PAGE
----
Data from The American College of Critical Care Medicine - Curated by EPG Health - Date available 01 June 2015

Availability

Free full text

Original date published

1 June 2015

Original format

Print publication

OBJECTIVE: To review how disability can develop in older adults with critical illness and to explore ways to reduce long-term disability following critical illness.

DATA SOURCES: We searched PubMed, CINAHL, Web of Science and Google Scholar for studies reporting disability outcomes (i.e., activities of daily living, instrumental activities of daily living, and mobility activities) and/or cognitive outcomes among patients treated in an ICU who were 65 years or older. We also reviewed the bibliographies of relevant citations to identify additional citations.

STUDY SELECTION: We identified 19 studies evaluating disability outcomes in critically ill patients who were 65 years and older.

DATA EXTRACTION: Descriptive epidemiologic data on disability after critical illness.

DATA SYNTHESIS: Newly acquired disability in activities of daily living, instrumental activities of daily living, and mobility activities was commonplace among older adults who survived a critical illness. Incident dementia and less severe cognitive impairment were also highly prevalent. Factors related to the acute critical illness, ICU practices, such as heavy sedation, physical restraints, and immobility, as well as aging physiology, and coexisting geriatric conditions can combine to result in these poor outcomes.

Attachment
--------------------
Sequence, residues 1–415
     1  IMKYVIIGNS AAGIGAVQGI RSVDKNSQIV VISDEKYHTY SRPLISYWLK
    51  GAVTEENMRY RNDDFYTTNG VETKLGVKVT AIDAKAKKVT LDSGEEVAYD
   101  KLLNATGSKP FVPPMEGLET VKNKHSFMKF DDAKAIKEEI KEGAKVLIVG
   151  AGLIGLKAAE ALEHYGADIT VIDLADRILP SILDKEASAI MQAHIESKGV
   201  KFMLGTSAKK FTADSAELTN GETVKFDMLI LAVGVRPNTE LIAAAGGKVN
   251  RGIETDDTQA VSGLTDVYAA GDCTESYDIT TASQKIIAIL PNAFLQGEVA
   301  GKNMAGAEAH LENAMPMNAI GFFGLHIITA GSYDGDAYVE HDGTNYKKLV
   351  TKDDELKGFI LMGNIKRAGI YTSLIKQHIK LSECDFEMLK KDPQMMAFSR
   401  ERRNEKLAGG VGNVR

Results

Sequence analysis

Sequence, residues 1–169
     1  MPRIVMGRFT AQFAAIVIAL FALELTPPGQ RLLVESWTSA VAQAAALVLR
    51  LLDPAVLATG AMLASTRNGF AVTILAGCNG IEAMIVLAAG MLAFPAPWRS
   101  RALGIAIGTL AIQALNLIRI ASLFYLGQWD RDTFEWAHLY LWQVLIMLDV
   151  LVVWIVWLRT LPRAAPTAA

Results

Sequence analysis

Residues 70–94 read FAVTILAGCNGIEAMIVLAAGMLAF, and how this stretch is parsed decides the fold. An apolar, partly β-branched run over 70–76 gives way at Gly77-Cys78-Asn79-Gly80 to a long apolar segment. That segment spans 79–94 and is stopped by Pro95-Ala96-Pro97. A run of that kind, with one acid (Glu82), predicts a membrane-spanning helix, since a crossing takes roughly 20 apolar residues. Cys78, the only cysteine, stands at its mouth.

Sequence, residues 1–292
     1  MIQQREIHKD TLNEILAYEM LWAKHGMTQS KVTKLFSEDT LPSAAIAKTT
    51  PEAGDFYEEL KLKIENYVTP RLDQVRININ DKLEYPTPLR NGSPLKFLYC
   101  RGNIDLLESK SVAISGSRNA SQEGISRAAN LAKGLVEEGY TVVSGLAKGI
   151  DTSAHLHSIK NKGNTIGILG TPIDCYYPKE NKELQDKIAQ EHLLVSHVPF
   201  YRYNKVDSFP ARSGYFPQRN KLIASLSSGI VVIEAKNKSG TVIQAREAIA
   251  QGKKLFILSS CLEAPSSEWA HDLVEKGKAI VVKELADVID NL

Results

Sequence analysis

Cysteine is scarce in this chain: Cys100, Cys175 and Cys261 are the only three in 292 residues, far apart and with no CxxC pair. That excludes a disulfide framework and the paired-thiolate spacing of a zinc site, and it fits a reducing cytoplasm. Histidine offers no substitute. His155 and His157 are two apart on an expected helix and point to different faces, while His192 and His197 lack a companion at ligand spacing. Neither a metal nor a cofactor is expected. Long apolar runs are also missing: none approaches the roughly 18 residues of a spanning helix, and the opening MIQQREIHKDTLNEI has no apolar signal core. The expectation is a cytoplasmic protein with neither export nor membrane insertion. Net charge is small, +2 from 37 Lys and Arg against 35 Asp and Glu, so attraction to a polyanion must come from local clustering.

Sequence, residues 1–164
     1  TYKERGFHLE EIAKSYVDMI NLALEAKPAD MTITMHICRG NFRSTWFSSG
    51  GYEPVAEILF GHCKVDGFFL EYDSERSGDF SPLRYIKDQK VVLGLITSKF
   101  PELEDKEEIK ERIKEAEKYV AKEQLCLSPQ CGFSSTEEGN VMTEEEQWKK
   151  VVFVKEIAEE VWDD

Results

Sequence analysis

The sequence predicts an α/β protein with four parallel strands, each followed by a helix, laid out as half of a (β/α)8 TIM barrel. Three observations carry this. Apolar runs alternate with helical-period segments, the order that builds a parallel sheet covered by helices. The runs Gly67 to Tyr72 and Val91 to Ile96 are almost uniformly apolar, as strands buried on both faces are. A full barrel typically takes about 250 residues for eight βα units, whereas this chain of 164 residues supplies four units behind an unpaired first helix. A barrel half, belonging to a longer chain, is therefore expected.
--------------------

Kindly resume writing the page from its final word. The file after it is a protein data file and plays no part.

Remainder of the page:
CONCLUSIONS: Older adults who survive critical illness have physical and cognitive declines resulting in disability at greater rates than hospitalized, noncritically ill and community dwelling older adults. Interventions derived from widely available geriatric care models in use outside of the ICU, which address modifiable risk factors including immobility and delirium, are associated with improved functional and cognitive outcomes and can be used to complement ICU-focused models such as the ABCDEs.

Data sources

Read abstract on library site Access full article

Comments

You will need to login, to leave a comment.

epgonline.org is not monitored for collection of adverse event reports. Any adverse events should be reported to your national reporting agency and/or the manufacturer.

Learning Zones

An epgonline.org Learning Zone (LZ) is an area of the site dedicated to providing detailed self-directed medical education about a disease, condition or procedure.

Fluid Management

Fluid Management

Are you up-to-date with the latest evidence of effective procedures for fluid management?

+ 2 more

Fibrinogen Deficiency in Bleeding

Fibrinogen Deficiency in Bleeding

Fibrinogen is important for blood clot formation and breakdown. It is the first coagulant factor to be reduced to critical levels during massive trauma, cardiac surgery and postpartum haemorrhage that involve excessive bleeding. Persistent fibrinogen deficiency can lead to bleeding complications and an increased risk in mortality. This learning zone looks at both congenital and acquired fibrinogen deficiencies including indications and techniques for diagnosis, trigger level for treatment and treatment options.

Chronic Lymphocytic Leukaemia (CLL)

Chronic Lymphocytic Leukaemia (CLL)

Refine your knowledge of chronic lymphocytic leukaemia (CLL) with information on pathophysiology, diagnosis, treatment options and more

+ 1 more

Load more

Related Content